Utah residents sue to reclaim property rights from prairie dogs

Michael Bastasch | Energy Editor

Attorneys representing property owners in Cedar City, Utah filed a lawsuit Thursday arguing that the federal government has overstepped its constitutional bounds by preventing residents from defending their property against a massive prairie dog infestation.

“The federal government doesn’t have the authority to regulate a local issue like the Utah prairie dog under the commerce clause or any other power,” Pacific Legal Foundation attorney Jonathan Wood, who is representing Cedar City residents free of charge, told The Daily Caller News Foundation. “The government simply overreached.”

The lawsuit takes aim at a U.S. Fish and Wildlife Service rule that prevents landowners from taking action against prairie dogs that infest their property. The government applied anti-“taking” rules under the Endangered Species Act to the Utah prairie dog, meaning landowners can be fined or even imprisoned if they try to deal with the animals without first asking the government for permission.

“Before the rule was adopted it was possible for all private property to get permission to remove the prairie dog,” Wood said. “The new regulation changed the rules so they promote a lot of private property impossible to do anything. If prairie dogs are there, you basically have to accept it and basically abandon your property.”

“It’s impossible to actually cure the problem if your land has become burdened with the prairie dog,” he added.

PLF argues that the federal government has overstepped its authority under the commerce clause, which allows the federal government to regulate activities that affect the national economy. However, the Utah prairie dog is only located in one state and not involved in any commercial activity.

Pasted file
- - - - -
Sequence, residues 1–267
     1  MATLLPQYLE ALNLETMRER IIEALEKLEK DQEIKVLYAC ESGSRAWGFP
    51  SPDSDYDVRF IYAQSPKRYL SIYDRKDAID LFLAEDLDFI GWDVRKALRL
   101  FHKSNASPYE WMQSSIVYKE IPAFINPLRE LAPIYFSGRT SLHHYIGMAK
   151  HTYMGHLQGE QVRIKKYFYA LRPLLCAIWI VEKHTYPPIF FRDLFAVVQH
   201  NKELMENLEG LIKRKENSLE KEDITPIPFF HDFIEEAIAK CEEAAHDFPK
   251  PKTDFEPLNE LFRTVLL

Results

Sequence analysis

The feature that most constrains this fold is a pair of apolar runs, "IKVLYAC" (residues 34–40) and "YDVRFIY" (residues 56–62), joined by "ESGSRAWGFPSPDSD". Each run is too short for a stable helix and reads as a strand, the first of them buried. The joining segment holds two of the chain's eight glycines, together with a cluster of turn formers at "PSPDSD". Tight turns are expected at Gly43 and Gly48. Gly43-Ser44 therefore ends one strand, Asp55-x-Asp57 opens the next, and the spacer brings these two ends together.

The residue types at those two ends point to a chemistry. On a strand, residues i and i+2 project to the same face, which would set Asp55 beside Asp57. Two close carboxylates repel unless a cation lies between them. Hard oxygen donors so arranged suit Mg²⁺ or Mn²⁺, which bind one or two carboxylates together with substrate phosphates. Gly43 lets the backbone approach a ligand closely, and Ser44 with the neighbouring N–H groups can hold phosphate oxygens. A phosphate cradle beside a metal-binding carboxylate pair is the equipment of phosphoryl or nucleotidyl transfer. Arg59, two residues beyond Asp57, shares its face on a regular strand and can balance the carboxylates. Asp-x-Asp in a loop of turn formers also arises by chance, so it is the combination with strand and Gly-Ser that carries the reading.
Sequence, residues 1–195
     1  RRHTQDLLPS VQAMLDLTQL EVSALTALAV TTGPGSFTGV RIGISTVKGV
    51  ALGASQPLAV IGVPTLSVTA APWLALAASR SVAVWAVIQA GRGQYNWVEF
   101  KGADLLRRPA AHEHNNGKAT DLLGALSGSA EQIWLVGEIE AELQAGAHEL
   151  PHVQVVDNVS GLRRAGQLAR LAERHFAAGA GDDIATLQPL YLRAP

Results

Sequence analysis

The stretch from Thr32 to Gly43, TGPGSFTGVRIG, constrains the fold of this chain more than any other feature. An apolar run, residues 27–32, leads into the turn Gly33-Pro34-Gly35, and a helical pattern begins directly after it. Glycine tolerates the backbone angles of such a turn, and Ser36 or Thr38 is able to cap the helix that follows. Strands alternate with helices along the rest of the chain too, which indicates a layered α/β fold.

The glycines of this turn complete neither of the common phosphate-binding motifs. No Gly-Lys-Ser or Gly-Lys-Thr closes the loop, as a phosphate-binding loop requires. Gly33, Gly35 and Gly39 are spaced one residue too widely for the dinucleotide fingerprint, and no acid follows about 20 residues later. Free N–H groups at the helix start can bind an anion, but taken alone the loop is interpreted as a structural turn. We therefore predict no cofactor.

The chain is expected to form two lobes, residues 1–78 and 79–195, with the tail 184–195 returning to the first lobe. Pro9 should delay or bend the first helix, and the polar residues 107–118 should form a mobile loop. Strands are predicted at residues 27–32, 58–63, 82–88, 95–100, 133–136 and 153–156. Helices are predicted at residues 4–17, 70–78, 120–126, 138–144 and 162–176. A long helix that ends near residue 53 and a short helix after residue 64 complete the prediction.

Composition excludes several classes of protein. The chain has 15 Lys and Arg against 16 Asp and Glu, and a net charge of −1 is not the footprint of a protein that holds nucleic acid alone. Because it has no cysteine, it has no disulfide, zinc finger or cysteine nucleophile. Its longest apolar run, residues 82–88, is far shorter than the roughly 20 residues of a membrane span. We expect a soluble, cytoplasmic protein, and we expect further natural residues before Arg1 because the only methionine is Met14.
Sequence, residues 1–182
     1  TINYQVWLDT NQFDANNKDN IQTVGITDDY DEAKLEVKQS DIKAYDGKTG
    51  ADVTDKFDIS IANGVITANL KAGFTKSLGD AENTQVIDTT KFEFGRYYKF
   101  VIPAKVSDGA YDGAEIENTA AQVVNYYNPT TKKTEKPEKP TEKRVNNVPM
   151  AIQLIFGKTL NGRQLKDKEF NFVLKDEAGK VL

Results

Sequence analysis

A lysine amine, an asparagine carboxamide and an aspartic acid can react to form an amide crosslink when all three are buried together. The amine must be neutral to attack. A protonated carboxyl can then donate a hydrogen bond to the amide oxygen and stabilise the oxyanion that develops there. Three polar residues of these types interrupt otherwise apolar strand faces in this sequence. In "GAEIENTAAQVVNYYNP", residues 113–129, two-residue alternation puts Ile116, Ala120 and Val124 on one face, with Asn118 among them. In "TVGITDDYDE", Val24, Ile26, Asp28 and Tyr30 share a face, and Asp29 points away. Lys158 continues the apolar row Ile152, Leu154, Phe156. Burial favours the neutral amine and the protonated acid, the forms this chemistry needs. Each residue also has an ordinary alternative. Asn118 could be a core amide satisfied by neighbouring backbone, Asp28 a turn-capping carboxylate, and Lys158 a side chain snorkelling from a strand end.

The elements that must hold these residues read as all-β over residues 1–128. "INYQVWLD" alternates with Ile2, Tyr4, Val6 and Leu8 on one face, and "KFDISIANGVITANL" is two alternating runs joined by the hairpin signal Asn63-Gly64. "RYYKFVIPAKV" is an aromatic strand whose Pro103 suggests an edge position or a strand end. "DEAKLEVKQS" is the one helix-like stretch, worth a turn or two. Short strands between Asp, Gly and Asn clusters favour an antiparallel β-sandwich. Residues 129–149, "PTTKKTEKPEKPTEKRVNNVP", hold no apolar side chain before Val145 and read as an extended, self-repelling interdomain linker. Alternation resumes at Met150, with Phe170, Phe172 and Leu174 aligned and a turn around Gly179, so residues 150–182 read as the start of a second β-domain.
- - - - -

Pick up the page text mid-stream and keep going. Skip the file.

“So the argument that this has to be regulated under the commerce clause is a little silly,” said Wood. “The theory of our case is that the federal government’s role is only to protect the animal when its on public property, but this regulation regulates private property and that’s beyond the federal government’s power.”

People for the Ethical Treatment of Property Owners is a coalition of Cedar City residents who have been affected by the federal restrictions on dealing with prairie dog infestations. The Utah prairie dog is one of five prairie dog species in North America, and is found only in Utah. The animal digs burrows and networks of tunnels which can damage people’s properties.

According to the FWS, there are estimated to be more than 40,000 Utah prairie dogs, and the animal is listed as “threatened’ under the Endangered Species Act.

The prairie dogs have done extensive damage to Cedar City, including digging mounds and creating runway hazards at the regional airport, digging tunnels among graves and destroying flowers at the Cedar City cemetery.

The infestation has affected Brenda Webster and her son Daniel who have trouble visiting her husband’s grave site because prairie dogs have dug up the earth around it, leaving ruts and mounds. Prairie dogs have also disturbed funeral ceremonies with their barking.

Cedar City small business owner Bruce Hughes bought several acres as a retirement investment, but prairie dogs moved into his property.

“Federal officials said I would have to go through a regulatory process that would have taken 42 years, before I could hope to do anything on the property,” Hughes said. “Later, I was told that if I paid $34,000, I could do away with the prairie dogs. But if I didn’t pay, and I killed one prairie dog, it would be a $10,000 fine and five years in federal prison.”

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